1. I was a regular biter, and now I have managed to curb it but I am not fully reformed. For me things that trigger me going back to my old ways are stress and boredom and to a lesser extent dry skin. I hate the feel of hangnails or dry skin catching on clothing etc. I started doing my own nails and found if they have a little bit of color I tend not to bit them. As my nails grow back out and they have paint on them it is easier to see how much stuff is trapped under the nail and that is a turn off for me.

    I also have a bizillion files of various sizes, shapes etc in my purse, my desk at work and a few different locations at home so they are always within easy reach so I can immediate file either a rough nail or a bit of dry skin so that I don't feel the need to bite. I have also been a lot more vigilant about wearing gloves and using a hand lotion often (more now that it is for me effectively winter) so that cuts down on the dryness.

    The big thing is your daughter has to want to stop, it kind of is like an addition if she doesn't want to stop you really are not going to be able to stop it.

    Posted by On the mend nail biter November 9, 09 11:39 AM
  1. Stop picking on her and she won't be such a nervous wreck.

    Posted by bosfiddle November 9, 09 11:41 AM
  1. A person in my family in his sixties, is a well known and respected professional at absolutely the top of his field, and he bites his nails and cuticles all the time. They are a mess! I think he has done it all his life. His fingernails are quite deformed. He is a wonderful person, who doesn't seem to have a lot of neuroses and he is calm, kind and generous. So who knows? Doesn't seem to have hurt him physically or professionally.
    But you could tell her that her nails will stop growing correctly and she might regret that later.

    Posted by Hmmm November 9, 09 12:28 PM
  1. I did the same thing for years (although I can't recall why I started). I think if it's going to stop, it'll do so on her time. However, I have to say the manicure idea would have totally worked for me. To a lesser extent, that's how I did stop when I was 18. I simply painted my nails this awesome purple color and decided I liked it too much to ever bite again. And then I stopped. I almost never paint my nails now but they are a nice length with white tips. If she's into getting her nails done, maybe that's worth a shot.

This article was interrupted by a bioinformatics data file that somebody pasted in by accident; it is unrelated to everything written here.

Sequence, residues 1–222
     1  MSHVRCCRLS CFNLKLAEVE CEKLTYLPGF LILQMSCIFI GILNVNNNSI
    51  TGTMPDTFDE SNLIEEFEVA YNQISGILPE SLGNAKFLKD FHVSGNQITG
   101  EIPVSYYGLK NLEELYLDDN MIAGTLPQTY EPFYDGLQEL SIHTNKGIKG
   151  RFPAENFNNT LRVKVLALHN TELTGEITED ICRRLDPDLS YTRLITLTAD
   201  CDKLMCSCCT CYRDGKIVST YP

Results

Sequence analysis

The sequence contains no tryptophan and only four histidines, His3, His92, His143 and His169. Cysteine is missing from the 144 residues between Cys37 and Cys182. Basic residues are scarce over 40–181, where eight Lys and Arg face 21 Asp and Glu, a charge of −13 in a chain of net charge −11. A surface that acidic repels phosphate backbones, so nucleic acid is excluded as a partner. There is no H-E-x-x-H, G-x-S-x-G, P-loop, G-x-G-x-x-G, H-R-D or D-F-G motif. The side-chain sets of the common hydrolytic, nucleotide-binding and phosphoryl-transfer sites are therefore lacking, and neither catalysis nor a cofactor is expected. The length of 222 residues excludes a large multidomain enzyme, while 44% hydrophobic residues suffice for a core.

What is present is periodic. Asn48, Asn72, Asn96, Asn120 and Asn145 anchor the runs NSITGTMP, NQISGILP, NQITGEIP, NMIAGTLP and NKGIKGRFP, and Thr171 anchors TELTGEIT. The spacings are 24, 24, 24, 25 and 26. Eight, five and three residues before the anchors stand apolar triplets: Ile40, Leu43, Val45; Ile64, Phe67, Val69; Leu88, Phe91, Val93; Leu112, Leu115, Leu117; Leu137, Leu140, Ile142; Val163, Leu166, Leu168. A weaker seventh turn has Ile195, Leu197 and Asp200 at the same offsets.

Posted by acehmgee November 9, 09 12:49 PM
  1. My husband does this and tells me he's not aware of it. It's usually because he's bored and needs some sort of tactile stimulation (so I rub his hair instead, for instance). I agree with Barbara -- something is leading her to use a nervous/coping habit. Does she wash her hands regularly? If so, I would be less concerned about germs. You certainly could ask her to vaccuum the couch/clean up after herself because she's definitely old enough to take that kind of responsibilty, but she is not going to figure out how to stop until she wants to. (I sucked my thumb until I was almost 10 years old and only stopped because I wanted to).

    It's also one thing to do it at home and another thing entirely to do it in public -- but it doesn't sound like this is something she does in school or in public (based on the original post).

    Posted by NervousHabitsDieHard November 9, 09 01:15 PM
  1. As a former nail biter myself, I stopped the horrible habit by getting weekly manicures. After seeing how great my nails looked after a manicure it made me want to stop and I haven't bit them since. Good luck!

    Posted by TSAI November 9, 09 02:10 PM
  1. This is in the OCD spectrum. You can look it up - it's related to other behaviors like trichotillomania.

    Posted by Sarah November 9, 09 02:38 PM
  1. I have had this habit for over fifty years and although I still do it, it is more under control than you describe of your daughter. I have occasionally gotten infections from it, so it can be quite serious. Anxiety that is so self-destructive should not be ignored. I'm not saying she needs therapy, just some alternative, less damaging ways of managing her anxiety. I would avoid calling it "nasty and disgusting" because for kids that sounds like you're calling her nasty and disgusting (not the habit).

    What has worked for me is the weekly manicure, because when my hands look nice, I tend to not want to bite. Also, the manicurist trims the little "tags" of flesh that I tend to latch on and chew on. Find a nice manicurist who understands this and will make the manicure a pleasant relaxing time. Tea tree oil on my cuticles every night - the nasty taste makes me conscious of an unconscious activity, and the tea tree oil also gives some anti-bacterial protection and soothes sore cuticles. I occasionally backslide and will bite until bloody, but it's not often and the manicure/tea tree oil routine gets be back on track quickly enough.